You have to feel a little bit sorry for Deb Billado, chair of the Vermont Republican Party. She’s been working hard for three years now, trying to build a functioning machine out of spare parts and duct tape. But her Trumpian worldview makes her an ineffective advocate for the kind of fiscally conservative, socially moderate organization the VTGOP needs to be.
Now it’s all coming apart, thanks to the January 6 insurrection triggered by President Trump. While Republican Gov. Phil Scott came right out with a call for Trump’s removal from office, Billado issued a statement condemning the violence without mentioning the President at all.
On Tuesday, Billado issued another statement, this one urging people not to take part in a January 17 Statehouse rally in support of Trump. She began, oddly, with this:
It has come to my attention through various vague media reports that there is a rumor of some kind of protest planned at the capitol building in Montpelier this weekend.
The Vermont Republican Party is a dysfunctional mess. For pretty much as long as I’ve been writing about #vtpoli — 10th anniversary coming up this year — the party has struggled in fundraising, organizing, candidate recruitment, and choosing an ideological lane. There’s been tension between its elected officials, who recognize that they have to appeal to the center in order to win, and the party faithful, who are profoundly conservative.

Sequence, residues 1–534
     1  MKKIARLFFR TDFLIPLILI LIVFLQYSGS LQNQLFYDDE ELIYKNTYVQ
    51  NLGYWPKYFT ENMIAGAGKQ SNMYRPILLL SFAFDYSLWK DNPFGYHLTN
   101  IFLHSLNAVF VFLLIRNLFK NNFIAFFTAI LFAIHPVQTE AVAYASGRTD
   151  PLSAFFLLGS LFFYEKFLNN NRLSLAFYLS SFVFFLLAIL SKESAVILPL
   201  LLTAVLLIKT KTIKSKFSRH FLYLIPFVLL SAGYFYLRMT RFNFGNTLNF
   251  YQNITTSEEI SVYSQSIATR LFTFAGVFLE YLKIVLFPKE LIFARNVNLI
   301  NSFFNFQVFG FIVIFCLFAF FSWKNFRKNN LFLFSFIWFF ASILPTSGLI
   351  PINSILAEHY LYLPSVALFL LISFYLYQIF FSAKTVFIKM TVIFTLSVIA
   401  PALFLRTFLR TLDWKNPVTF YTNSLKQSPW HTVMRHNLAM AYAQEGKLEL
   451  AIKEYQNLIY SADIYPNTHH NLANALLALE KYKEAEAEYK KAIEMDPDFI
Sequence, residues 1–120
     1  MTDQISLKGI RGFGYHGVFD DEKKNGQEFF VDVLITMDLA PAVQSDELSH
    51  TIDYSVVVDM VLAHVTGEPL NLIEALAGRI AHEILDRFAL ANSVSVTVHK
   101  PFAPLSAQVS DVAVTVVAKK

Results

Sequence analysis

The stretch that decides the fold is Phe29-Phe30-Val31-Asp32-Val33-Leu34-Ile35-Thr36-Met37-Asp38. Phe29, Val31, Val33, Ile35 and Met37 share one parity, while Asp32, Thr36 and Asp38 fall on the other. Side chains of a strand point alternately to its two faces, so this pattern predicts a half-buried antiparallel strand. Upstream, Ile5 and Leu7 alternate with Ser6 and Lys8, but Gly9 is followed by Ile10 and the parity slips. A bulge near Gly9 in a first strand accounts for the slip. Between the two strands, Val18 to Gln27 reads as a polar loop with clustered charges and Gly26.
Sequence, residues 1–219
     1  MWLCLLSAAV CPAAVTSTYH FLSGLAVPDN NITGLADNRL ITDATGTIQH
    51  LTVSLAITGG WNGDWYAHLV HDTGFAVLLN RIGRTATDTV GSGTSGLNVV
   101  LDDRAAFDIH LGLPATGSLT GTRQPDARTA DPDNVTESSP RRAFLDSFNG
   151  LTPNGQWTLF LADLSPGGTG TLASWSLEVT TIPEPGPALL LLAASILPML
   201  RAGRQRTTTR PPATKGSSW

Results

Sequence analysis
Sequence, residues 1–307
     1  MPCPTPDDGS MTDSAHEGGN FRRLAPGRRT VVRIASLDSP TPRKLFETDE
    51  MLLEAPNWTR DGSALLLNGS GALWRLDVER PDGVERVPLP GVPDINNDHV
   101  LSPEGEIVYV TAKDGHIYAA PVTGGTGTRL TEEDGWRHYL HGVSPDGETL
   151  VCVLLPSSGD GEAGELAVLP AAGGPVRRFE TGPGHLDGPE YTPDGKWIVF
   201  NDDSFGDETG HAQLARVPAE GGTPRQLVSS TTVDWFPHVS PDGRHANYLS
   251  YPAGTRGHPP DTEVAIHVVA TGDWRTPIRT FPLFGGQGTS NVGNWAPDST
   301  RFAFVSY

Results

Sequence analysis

During the Trump years, that split has gotten wider. Gov. Phil Scott has essentially divorced himself from the party since November 2017, when he backed Mike “Not The Reporter” Donohue for party chair, only to see incumbent Deb Billado narrowly re-elected by the state committee. (Donohue is pretty conservative but he’s a realist, not a fanatic.) The party hierarchy is now full of Trump true believers, including Billado, vice chair Deb Bucknam (last seen filing a nutty lawsuit over Gov. Scott’s Covid-19 policies), and the two national committee members, Jay Shepard and Suzanne Butterfield.
Well, now the VTGOP’s split is going public. Rep. Scott Beck of St. Johnsbury is calling for the resignation of party officials who refuse to advocate for Trump’s removal from office, and he’s gathering support among Republican electeds.
“I have had some pointed comments at VTGOP leadership, and I have said to them, ‘If you cannot cross these bridges, I think it’s time for you to move on,’” Beck told Seven Days on Tuesday.